The poems arrived on Valentine’s Day, which I suppose should be seen as appropriate, but it got me started thinking about love poems.
A few days ago, my phone rang, and it was an old friend from out of state. We chatted for a few minutes, and then she said, “I suppose you know why I’m calling.” I said, “Isn’t this about the time of year you’re usually looking for judges for the poetry contests?” She laughed, said I was right on the money, and asked if I would judge for her organization again this year. “I’m looking for ‘good’ judges,” she said. “I don’t know what’s happened to some of my regulars. I think they may have died. I called your number at work and discovered you weren’t there any more. So I tried this number instead.”
Death is one of the hazards of poetry judging. By the time you get old enough to develop any real perspective on other people’s work, you’re always looking over your shoulder for the guy with the scythe. (I made him a black Labrador dog in one of my short stories, which was probably a disservice to this very people-friendly breed.)
“Would you judge the love poems?” she asked, and I cringed. “Well, I might have a very different idea than most folks of what constitutes a love poem,” I said. She told me that was fine, and I agreed to do it.
So this morning, the poems arrived, 71 of them, and I found what I had feared: a lot of overused images and paeans to “great love.” There were also a few lust poems and several anti-love poems (“You were a real jerk, but I’m a lot smarter now”). I read them all and set them aside. That’s one of the tricks to judging. Read everything without judging, then come back to it, several times.
Here’s the problem with what most people think of as a “love poem.” If you’ve read Elizabeth Barrett Browning and the sonnets of Shakespeare, you know that it’s already been done better than you can ever hope to do it. Besides, we know longer speak in the language or even the concepts of a couple of centuries ago, and to try to cram our current relationships into shapely ankles, swollen lips like cherries, eyes of unfathomed depth, and the like just sounds phony.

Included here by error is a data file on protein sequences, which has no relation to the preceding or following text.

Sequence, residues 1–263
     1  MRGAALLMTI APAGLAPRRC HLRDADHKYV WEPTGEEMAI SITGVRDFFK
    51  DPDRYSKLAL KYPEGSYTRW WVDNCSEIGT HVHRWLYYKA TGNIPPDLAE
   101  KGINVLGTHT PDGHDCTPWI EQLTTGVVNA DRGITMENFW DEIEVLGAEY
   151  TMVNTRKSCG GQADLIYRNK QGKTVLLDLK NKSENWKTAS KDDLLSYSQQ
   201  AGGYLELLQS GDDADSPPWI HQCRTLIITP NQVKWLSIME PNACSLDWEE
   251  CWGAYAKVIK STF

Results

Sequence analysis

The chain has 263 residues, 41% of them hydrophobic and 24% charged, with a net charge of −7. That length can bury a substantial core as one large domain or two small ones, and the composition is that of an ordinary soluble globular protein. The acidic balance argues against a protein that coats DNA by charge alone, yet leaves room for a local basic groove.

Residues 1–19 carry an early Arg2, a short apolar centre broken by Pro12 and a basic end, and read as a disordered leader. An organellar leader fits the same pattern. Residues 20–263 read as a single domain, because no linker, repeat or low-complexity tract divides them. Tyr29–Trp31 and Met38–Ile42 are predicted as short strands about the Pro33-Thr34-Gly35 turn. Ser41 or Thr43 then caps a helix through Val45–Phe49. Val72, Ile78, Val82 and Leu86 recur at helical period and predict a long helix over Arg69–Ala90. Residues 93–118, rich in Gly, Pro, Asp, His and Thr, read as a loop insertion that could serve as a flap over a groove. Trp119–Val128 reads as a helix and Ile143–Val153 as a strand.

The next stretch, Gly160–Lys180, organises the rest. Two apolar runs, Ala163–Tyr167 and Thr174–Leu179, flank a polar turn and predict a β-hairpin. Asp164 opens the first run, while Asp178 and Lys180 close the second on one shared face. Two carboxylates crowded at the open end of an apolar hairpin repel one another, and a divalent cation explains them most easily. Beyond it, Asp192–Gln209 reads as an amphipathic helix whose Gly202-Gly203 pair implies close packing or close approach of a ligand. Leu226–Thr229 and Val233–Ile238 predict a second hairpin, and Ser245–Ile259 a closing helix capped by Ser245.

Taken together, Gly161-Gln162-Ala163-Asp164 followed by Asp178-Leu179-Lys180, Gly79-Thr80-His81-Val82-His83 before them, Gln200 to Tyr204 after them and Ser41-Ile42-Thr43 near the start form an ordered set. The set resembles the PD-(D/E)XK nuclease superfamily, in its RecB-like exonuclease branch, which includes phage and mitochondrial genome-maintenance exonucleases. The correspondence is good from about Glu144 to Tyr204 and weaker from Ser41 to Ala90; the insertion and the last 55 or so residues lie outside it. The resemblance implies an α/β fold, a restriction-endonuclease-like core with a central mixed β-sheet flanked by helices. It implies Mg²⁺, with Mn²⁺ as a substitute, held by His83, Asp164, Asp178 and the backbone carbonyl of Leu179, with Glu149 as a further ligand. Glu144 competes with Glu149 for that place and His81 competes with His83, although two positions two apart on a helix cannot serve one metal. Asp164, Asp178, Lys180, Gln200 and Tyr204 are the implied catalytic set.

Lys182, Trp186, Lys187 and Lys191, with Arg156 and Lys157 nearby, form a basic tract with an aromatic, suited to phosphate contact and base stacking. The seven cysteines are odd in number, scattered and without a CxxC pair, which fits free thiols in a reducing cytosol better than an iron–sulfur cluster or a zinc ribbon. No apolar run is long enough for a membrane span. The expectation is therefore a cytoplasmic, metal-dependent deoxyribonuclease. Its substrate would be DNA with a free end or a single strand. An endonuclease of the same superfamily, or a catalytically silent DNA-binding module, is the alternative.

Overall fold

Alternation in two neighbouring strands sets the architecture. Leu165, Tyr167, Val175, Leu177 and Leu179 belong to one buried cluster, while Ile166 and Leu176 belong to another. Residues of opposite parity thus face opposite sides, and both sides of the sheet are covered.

For me, a love poem should say something very personal about the one you love without pounding people on the head with it.
Yesterday I went to town for my Tuesday workshops and an evening reading at the Newport library. Because of the reading, I was coming back fairly late, in the dark and the fog. I called Ben when I was leaving town with the understanding that if I wasn’t there in something just over an hour, he’d come looking for me.
It was a miserable trip, poor vision, eye strain, all of that stuff. But when I got to the the bridge, Ben was waiting for me with the gate open so I could sail on through. That’s above and beyond.
Here’s my idea of a love poem. I should tell you Ben really likes this poem. He’s kind enough to say that he likes all of my work, but I think this one has a special place.
Two Old Geese
They scrabble around the gravel drive
for the stray grain of corn, the heart-
shaped seed from a ripe sunflower.
They do this all day, sometimes
closer together than others.
If he intrudes and the sun is hot,
she might peck at him, or he at her.
Then he offers her a slug.
She takes it in her beak,
juicy bit of contrition.
But when the Shurtles’ setter bounds
into the yard and wants to play,
the gander makes himself
three times as large, his wings a shield,
his hiss and honk a warning.
The gander dances with the dog, always
between the goose and danger. He struts
when the dog retreats, and when
she has admired his bravery,
they return to foraging.
They spend their days this way.
At twilight they retreat to the safety
of the shed. Settling her feathers
around her feet, she sits and sinks
into a cloudy mound. A last look back
to where he stands, still watchful
in the dimming light, she tucks her head
beneath one wing, becomes a pillow
of goose dreams and eider.
Satisfied, the gander settles
lays his neck across her back.